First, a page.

I write in fear.
A storyteller tormented by a cataclysm fiercer than any conflict residing in the heart of my most intrepid hero.
Every word I write, every character I create, every plot I conceive—escapes out of the bottomless, endless abyss of my autistic soul.
The whirlwind of my imagination exists in this abyss—a void that traps and holds my vision and creative imagination, refusing to release the spirit of my stories without a battle of unspeakable dimensions.
It is because of this conflict that I am fearful.
For so long much of my life has been seized and held captive by the irresistible force of this interminable void.
Even now, after so many years of intense pressure and ache, I am compressed smaller and smaller into an emptiness of what once was, and what will be.
I am the same, unchanged by the spectacle of yesterday, unaltered by the vision of tomorrow.
Yet, within the clarity of a merciless vortex, I spin violently, moving at the speed of thought, warmed by an eternal light, destined to war against the only enemy able to defeat my invincibility—time.
Only by the grace of God do my stories manage to escape. Only through his mercy is my imagination able to defeat such a violent fury.
I am joyful that my stories not only abscond such a cold prison, but they manage to gain life and take on significance in the minds of others.
I am the American Storyteller—a warrior poet who carves and engraves the words of honorable worlds, never before imagined, out of an icy reality absent of warmth or touch.
The fear I write and create with is the dread of the unknown lost, the lonely plea in the melody of the whip-poor-will, the cry of the starving child.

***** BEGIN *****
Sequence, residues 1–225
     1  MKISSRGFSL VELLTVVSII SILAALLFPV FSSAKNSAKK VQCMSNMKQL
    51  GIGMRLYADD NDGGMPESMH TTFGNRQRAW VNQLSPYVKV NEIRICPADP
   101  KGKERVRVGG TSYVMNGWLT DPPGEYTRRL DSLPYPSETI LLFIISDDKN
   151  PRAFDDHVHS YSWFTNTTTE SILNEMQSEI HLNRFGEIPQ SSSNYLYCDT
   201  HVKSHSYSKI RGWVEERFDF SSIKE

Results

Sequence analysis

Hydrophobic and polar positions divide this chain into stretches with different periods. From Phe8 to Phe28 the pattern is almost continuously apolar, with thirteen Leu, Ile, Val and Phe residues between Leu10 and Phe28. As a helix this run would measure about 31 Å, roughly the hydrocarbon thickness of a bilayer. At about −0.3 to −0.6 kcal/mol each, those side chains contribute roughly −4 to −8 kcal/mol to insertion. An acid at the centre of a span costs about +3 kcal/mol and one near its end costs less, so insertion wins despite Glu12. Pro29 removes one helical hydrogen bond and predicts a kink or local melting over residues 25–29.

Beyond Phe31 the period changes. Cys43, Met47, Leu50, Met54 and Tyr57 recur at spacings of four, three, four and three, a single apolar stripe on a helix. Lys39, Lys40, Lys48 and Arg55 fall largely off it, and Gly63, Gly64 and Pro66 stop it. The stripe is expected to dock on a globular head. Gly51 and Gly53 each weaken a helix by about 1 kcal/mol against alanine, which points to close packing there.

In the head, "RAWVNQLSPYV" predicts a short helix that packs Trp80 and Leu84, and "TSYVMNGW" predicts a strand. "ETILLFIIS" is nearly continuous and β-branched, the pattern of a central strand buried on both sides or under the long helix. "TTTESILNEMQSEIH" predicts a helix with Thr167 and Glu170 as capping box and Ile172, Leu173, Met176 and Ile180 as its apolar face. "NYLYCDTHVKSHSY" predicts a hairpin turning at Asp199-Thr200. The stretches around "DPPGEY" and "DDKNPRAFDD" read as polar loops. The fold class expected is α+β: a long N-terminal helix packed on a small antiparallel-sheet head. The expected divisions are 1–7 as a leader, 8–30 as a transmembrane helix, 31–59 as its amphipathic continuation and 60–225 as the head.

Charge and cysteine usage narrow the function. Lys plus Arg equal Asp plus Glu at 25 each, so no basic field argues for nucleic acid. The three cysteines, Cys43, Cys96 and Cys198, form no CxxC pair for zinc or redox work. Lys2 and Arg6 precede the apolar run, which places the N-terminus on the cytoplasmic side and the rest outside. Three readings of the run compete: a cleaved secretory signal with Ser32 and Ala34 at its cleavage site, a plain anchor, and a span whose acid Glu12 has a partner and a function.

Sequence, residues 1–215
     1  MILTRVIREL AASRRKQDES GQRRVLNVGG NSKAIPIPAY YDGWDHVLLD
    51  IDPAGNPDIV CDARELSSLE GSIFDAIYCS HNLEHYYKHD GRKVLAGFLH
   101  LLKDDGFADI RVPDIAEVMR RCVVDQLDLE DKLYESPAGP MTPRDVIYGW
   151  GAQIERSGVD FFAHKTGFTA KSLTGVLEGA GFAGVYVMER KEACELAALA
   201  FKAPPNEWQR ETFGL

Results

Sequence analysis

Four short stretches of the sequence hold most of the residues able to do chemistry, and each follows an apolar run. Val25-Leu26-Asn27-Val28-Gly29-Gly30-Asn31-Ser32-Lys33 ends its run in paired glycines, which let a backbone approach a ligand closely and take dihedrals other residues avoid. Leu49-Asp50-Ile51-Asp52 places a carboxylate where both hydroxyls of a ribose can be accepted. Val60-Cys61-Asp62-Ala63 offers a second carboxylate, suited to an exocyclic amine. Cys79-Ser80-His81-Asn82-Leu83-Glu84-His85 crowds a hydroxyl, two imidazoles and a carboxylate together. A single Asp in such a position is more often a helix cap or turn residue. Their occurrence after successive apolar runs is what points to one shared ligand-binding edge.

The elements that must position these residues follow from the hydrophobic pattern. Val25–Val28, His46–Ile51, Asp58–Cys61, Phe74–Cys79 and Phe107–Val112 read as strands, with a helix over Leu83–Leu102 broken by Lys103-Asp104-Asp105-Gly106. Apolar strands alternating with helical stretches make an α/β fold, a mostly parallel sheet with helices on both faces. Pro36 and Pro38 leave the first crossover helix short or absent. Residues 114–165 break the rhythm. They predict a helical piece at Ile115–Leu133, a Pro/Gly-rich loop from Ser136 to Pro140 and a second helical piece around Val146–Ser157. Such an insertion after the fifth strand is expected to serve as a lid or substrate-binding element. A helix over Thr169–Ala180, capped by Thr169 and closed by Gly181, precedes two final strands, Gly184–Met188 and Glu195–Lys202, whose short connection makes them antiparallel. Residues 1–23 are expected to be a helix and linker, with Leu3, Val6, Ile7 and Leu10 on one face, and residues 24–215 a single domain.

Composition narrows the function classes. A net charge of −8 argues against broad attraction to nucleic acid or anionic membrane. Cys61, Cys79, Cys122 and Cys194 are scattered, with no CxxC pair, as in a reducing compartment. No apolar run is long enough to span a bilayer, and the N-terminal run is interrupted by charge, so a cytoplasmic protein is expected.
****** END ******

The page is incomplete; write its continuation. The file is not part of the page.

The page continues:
As my fingers tap the keys of my typewriter, their urgency increases. My fingers tap the keys stronger, more frequent, until, at last, they pound on the keys the meaning of my life. The implications and values residing in the echoing depths of my imaginings desperately claw to escape the endless void of my rage.
Often, I wish my mind could be free of such a ferocious abyss. I wish autism’s cold vacuum did not encircle me and imprison my fresh creativity, holding captivity my incalculable singularity.
I suppose I am a miracle—a traveler who has navigated across, and through, impossible places and arrived at a destination where Life and Truth tell an ancient love story across the Way of an infinite universe.
It is here—in the finite substance of my soul—where I tell a story of yesterday and today, of hero and villain, of unrelenting romance in faraway castles.
It is here—in the mortality of my flesh and blood—where I write military romance books, romantic fiction books, political romance novels, and even baseball romance books.
If I am to live with the curse of autism, then let my stories of love and life be my treasures, and my military romance and thriller novels be the cures for my disease.
I am the Great American Storyteller—and I have a story to tell.